The Spearman correlation coefficient is based on the ranked values for each variable rather

than the raw data. Spearman correlation is often used to evaluate relationships involving

ordinal variables.

LOH YU HAN PQB 170005 15.12.2017

product-moment correlation. Spearman's correlation coefficient, (ρ, also signified by r s)

measures the strength and direction of association between two ranked variables.

In summary, correlation coefficients are used to assess the strength and direction of

the linear relationships between pairs of variables. When both variables are normally

distributed use Pearson's correlation coefficient,otherwise use spearman's correlation

coefficient.

5. Chi square

A chi-square test is any statistical hypothesis test where in the sampling distribution of the test

statistic is a chi-squared distribution when the null hypothesis is true. Next, chi-square test for

independence. The test is applied when you have two categorical variables from a single

population.

The Chi Square statistic is also commonly used for testing relationships between

categorical variables. Chi-squared test can be used to attempt rejection of the null hypothesis

that the data are independent. The null hypothesis of the Chi-Square test is that no

relationship exists on the categorical variables in the population; they are independent.

test for testing goodness of fit is used to decide whether there is any difference between the

observed (experimental) value and the expected (theoretical) value.

The Chi-square test is intended to test how likely it is that an observed distribution is

due to chance. It is also called a "goodness of fit" statistic, because it measures how well the

observed distribution of data fits with the distribution that is expected if the variables are

independent.

6. Normality test

A normality test is used to determine whether sample data has been drawn from a normally

distributed population (within some tolerance). A number of statistical tests, such as the

Student's t-test and the one-way and two-way ANOVA require a normally distributed sample

population.

A normality test show for small sample sizes, normality tests have little power to reject

the null hypothesis and therefore small samples most often pass normality tests. Power is the

most frequent measure of the value of a test for normality—the ability to detect whether a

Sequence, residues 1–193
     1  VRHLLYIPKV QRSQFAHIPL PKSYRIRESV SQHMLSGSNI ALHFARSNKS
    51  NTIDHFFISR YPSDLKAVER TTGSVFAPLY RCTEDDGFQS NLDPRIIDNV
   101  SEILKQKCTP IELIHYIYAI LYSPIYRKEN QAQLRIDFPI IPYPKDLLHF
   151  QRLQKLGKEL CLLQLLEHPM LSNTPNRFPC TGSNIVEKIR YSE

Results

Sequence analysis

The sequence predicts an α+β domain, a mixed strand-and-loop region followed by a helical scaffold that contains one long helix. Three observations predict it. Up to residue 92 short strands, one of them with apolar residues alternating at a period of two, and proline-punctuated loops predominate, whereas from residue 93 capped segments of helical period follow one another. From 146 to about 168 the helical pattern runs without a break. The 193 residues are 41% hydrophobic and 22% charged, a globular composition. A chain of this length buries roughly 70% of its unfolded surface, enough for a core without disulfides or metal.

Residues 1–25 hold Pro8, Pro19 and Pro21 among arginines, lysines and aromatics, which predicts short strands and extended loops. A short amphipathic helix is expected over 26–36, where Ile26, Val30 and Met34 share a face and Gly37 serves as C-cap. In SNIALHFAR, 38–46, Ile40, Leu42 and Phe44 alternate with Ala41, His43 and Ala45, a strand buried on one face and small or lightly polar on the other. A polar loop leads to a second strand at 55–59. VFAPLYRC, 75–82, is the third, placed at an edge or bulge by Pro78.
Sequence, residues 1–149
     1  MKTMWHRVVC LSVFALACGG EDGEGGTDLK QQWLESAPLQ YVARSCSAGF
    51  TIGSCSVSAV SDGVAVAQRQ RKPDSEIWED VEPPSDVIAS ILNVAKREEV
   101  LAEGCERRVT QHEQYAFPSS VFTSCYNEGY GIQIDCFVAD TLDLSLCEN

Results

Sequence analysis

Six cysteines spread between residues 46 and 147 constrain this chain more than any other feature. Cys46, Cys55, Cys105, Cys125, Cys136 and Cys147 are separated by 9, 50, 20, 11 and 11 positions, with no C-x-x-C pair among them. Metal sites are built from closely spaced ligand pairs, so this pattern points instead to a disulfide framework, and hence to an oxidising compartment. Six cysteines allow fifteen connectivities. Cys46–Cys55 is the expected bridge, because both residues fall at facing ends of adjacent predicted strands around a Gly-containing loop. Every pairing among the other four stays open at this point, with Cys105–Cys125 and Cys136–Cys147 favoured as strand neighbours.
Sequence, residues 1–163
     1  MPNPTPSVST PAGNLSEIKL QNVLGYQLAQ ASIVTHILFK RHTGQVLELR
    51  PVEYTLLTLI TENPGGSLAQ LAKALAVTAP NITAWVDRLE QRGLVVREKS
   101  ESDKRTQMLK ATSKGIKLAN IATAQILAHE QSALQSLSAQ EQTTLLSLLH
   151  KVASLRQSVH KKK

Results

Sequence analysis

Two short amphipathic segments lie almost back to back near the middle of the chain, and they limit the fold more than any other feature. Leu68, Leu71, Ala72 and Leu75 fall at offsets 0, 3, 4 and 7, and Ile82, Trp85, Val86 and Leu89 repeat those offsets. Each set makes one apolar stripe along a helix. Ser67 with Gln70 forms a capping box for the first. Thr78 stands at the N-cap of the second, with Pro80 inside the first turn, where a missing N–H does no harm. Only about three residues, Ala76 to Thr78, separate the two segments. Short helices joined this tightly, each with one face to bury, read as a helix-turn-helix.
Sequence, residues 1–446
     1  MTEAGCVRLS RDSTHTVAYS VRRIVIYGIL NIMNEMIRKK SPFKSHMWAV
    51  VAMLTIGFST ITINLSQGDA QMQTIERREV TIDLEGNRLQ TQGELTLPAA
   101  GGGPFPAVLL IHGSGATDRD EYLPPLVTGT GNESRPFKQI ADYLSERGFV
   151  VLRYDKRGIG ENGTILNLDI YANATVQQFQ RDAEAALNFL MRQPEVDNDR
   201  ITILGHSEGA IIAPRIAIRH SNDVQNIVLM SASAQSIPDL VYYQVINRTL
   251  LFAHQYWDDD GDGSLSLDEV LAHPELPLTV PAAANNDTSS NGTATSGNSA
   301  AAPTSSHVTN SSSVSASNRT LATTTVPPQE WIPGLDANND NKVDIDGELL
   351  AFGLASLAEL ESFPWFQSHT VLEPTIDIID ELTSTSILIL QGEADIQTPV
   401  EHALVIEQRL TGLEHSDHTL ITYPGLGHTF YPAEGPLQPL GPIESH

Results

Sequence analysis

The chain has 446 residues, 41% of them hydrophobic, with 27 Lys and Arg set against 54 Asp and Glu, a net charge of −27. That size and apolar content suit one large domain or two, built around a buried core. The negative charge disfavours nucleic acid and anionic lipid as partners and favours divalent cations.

sample comes from a non-normal distribution.

More precisely, the tests are a form of model selection, and can be interpreted several

ways, depending on one's interpretations of probability:

In descriptive statistics terms, one measures a goodness of fit of a normal model to the

data – if the fit is poor then the data are not well modeled in that respect by a normal

distribution, without making a judgment on any underlying variable.

In frequentist statistics statistical hypothesis testing, data are tested against the null

hypothesis that it is normally distributed.

In Bayesian statistics, one does not "test normality" per se, but rather computes the

likelihood that the data come from a normal distribution with given parameters μ,σ (for

all μ,σ), and compares that with the likelihood that the data come from other distributions

under consideration, most simply using a Bayes factor (giving the relative likelihood of

seeing the data given different models), or more finely taking a prior distribution on

possible models and parameters and computing a posterior distribution given the

computed likelihoods.

LOH YU HAN PQB 170005 15.12.2017

7. Kurtosis

Kurtosis is a descriptor of the shape of a probability distribution and, just as for skewness,

there are different ways of quantifying it for a theoretical distribution and corresponding ways

of estimating it from a sample from a population. Depending on the particular measure of

kurtosis that is used, there are various interpretations of kurtosis, and of how particular

measures should be interpreted.

In statistics, kurtosis describes the shape of the probability distribution curve and

there are 3 main types, they are: leptokurtic - a “positive” or tall and thin distribution (fatter

tails); mesokurtic - a normal distribution ; platykurtic - a “negative” or flat and wide distribution

(thin tails).

kurtosis of a distribution to this value. Distributions with kurtosis less than 3 are said to

be platykurtic, although this does not imply the distribution is "flat-topped" as sometimes

reported. Rather, it means the distribution produces fewer and less extreme outliers than

does the normal distribution.

8. Skewness

or data set, is symmetric if it looks the same to the left and right of the center

point. Skewness can be quantified to define the extent to which a distribution differs from a

normal distribution. This situation is also called negative skewness.

In probability theory and statistics, skewness is a measure of the asymmetry of the probability

distribution of a real-valued random variable about its mean. Theskewness value can be

positive or negative, or undefined. The qualitative interpretation of the skew is complicated

and unintuitive.

set of statistical data. Skewness can come in the form of negative skewness or positive

skewness, depending on whether data points are skewed to the left and negative, or to the

right and positive of the data average.